• Seppenwoolde Y.
      • Shirato H.
      • Kitamura K.
      • Shimizu S.
      • van Herk M.
      • Lebesque J.V.
      • et al.
      Precise and real-time measurement of 3D tumor motion in lung due to breathing and heartbeat, measured during radiotherapy.
      ]. Therefore, determining each patient’s optimal fiducial marker is important for accurately tracking the lung tumor and maximizing treatment quality using pretreatment 4DCT and 4D magnetic resonance imaging [
      • Tanabe Y.
      • Eto H.
      Evaluation of patient-specific motion management for radiotherapy planning computed tomography using a statistical method.
      ,
      • Perkins T.
      • Lee D.
      • Simpson J.
      • Greer P.
      • Goodwin J.
      Experimental evaluation of four-dimensional magnetic resonance imaging for radiotherapy planning of lung cancer.
      ].
      In all three gating windows, the cross-correlation coefficients between the lung tumor and the optimal fiducial marker differed significantly from those between the lung tumor and lung volume (Fig. 3). Notably, the correlation coefficient of the optimal fiducial marker was 0.99, and the median correlation coefficient of the volume of both lungs was slightly inferior at 0.94. This may be attributable to differences in the end-expiratory phase due to lung function between ipsilateral and contralateral lungs and changes in respiratory volume due to 4DCT from the waveform represented by the body surface marker [
      • Brandner E.D.
      • Chetty I.J.
      • Giaddui T.G.
      • Xiao Y.
      • Huq M.S.
      Motion management strategies and technical issues associated with stereotactic body radiotherapy of thoracic and upper abdominal tumors: a review from NRG oncology.
      ,
      • Gefter W.B.
      • Lee K.S.
      • Schiebler M.L.
      • Parraga G.
      • Seo J.B.
      • Ohno Y.
      • et al.
      Pulmonary functional imaging: part 2-state-of-the-art clinical applications and opportunities for improved patient care.
      ]. The correlation between the lung tumor and fiducial markers was low, with approximately 30 % of the fiducial markers obtained by comparison between lung tumor and lung volume. Therefore, the lung volume cannot completely track slight respiratory movements; however, it is effective for stable and auxiliary monitoring [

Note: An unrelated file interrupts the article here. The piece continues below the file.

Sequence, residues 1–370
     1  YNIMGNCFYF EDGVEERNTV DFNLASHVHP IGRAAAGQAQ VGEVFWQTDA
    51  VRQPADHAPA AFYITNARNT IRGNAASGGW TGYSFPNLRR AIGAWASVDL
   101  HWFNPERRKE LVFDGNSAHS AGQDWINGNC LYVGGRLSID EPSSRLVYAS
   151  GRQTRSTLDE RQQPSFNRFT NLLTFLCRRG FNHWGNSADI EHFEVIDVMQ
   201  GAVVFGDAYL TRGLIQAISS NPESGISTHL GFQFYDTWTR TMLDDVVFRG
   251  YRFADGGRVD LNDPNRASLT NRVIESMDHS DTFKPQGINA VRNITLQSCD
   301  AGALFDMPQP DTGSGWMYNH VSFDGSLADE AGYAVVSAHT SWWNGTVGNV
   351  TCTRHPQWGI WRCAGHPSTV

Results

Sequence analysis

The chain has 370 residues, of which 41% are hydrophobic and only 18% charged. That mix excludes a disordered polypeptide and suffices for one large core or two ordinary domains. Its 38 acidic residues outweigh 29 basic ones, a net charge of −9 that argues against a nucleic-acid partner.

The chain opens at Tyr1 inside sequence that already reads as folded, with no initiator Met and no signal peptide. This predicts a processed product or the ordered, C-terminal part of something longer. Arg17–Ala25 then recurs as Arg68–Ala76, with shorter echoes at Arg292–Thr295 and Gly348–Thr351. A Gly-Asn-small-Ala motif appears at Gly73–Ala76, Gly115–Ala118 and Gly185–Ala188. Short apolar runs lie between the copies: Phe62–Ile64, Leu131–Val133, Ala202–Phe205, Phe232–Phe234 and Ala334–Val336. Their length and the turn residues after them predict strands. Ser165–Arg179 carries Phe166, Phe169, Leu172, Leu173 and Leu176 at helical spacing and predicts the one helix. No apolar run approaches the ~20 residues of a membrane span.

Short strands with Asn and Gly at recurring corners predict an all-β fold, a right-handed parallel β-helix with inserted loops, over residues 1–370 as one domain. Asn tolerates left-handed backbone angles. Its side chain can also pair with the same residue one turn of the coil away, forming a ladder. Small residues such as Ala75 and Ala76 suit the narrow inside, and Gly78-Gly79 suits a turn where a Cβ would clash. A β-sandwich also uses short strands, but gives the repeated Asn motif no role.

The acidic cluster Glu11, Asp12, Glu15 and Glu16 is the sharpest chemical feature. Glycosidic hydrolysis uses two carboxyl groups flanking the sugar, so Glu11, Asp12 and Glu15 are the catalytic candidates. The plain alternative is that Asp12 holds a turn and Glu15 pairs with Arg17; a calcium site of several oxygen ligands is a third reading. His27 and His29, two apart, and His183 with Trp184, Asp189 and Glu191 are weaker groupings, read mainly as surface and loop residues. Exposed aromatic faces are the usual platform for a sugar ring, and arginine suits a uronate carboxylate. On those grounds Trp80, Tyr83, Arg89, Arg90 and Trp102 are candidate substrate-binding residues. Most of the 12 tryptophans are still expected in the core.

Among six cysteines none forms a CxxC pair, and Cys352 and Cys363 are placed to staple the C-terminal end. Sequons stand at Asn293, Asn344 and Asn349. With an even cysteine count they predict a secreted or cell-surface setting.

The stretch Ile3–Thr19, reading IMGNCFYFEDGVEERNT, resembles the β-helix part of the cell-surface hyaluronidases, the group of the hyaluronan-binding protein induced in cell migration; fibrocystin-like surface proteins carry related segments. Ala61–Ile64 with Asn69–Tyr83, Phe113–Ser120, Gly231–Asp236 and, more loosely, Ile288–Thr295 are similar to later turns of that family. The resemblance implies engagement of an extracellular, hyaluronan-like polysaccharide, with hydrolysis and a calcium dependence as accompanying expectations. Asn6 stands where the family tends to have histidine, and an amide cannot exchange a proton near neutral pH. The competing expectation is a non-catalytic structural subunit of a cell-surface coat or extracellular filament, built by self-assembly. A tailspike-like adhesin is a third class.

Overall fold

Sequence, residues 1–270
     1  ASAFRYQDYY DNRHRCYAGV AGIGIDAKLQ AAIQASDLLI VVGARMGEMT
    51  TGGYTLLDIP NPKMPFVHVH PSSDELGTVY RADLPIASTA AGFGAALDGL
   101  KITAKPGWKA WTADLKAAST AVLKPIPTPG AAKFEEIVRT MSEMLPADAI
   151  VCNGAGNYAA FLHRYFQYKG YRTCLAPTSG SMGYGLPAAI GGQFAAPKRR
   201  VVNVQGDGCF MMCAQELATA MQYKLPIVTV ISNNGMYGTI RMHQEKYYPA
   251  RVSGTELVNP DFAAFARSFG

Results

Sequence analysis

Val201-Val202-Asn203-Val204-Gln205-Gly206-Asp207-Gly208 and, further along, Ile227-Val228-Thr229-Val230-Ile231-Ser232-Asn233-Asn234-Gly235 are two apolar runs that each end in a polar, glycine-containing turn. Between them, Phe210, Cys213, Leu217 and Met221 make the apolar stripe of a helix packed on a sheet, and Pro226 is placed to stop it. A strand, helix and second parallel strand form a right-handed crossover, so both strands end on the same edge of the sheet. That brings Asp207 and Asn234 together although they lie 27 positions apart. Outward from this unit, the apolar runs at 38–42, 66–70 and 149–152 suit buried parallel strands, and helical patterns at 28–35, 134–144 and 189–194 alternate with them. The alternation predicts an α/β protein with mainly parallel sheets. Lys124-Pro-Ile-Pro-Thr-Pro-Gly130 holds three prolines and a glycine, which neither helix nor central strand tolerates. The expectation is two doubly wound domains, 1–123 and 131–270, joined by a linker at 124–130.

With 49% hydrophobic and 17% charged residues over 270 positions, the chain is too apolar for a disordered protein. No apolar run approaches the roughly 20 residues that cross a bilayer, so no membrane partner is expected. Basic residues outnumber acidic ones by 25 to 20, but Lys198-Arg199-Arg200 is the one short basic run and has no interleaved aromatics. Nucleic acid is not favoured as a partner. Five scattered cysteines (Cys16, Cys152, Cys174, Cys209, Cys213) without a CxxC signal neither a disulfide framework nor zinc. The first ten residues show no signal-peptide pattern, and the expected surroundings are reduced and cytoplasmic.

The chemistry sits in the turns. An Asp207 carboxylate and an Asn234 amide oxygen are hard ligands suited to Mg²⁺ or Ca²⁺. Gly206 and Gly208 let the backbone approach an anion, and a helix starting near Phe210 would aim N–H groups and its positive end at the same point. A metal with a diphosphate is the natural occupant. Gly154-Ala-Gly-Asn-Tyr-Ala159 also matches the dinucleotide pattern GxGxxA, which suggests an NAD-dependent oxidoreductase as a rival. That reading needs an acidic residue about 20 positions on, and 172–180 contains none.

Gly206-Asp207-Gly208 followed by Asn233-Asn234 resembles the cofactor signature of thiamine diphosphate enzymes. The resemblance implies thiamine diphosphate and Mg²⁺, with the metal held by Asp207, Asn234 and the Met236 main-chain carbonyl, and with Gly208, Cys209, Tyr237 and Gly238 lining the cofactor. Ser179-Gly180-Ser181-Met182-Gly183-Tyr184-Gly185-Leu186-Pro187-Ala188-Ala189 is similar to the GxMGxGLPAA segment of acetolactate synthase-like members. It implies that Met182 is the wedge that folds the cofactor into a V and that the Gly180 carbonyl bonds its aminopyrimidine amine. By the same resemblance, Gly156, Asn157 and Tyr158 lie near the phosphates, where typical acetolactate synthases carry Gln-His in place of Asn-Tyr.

• Prado A.
      • Zucca D.
      • De la Casa M.Á.
      • Martí J.
      • Alonso L.
      • de Acilu P.G.
      • et al.
      Intrafraction target shift comparison using two breath-hold systems in lung stereotactic body radiotherapy.
      ].
      Differences in the minimum lung volume between the ipsilateral and contralateral lungs were observed in 15 of 30 patients. In addition, the motion amplitude difference obtained by varying the normalized setting of 50 % phase was 0.8 mm, and the maximum difference was 3.3 mm for the included patients. These motion amplitude differences are attributable to individual differences as well as to differences in movements between the body surface infrared marker and the actual lung volume, delayed transmission of respiratory information, and other causes [
      • Gefter W.B.
      • Lee K.S.
      • Schiebler M.L.
      • Parraga G.
      • Seo J.B.
      • Ohno Y.
      • et al.
      Pulmonary functional imaging: part 2-state-of-the-art clinical applications and opportunities for improved patient care.
      ]. When performing dual amplitude-gated SBRT using lung volumes and fiducial markers, phase shifts should be considered on a case-by-case basis.
      As shown in Fig. 1(b), the fiducial marker is tracked at a point near the lung tumor, making it possible to track its movement in a manner similar to complicated lung tumor movement tracking. Lung tumors can be reliably tracked by monitoring the lung volume. Fig. 1(a) shows the case of a patient in whom two of the three fiducial markers were dropped out, and the correlation between the fiducial markers was low at 0.27. There was a risk of subsequent dropout with treatment using fiducial markers alone [
      • Kothary N.
      • Heit J.J.
      • Louie J.D.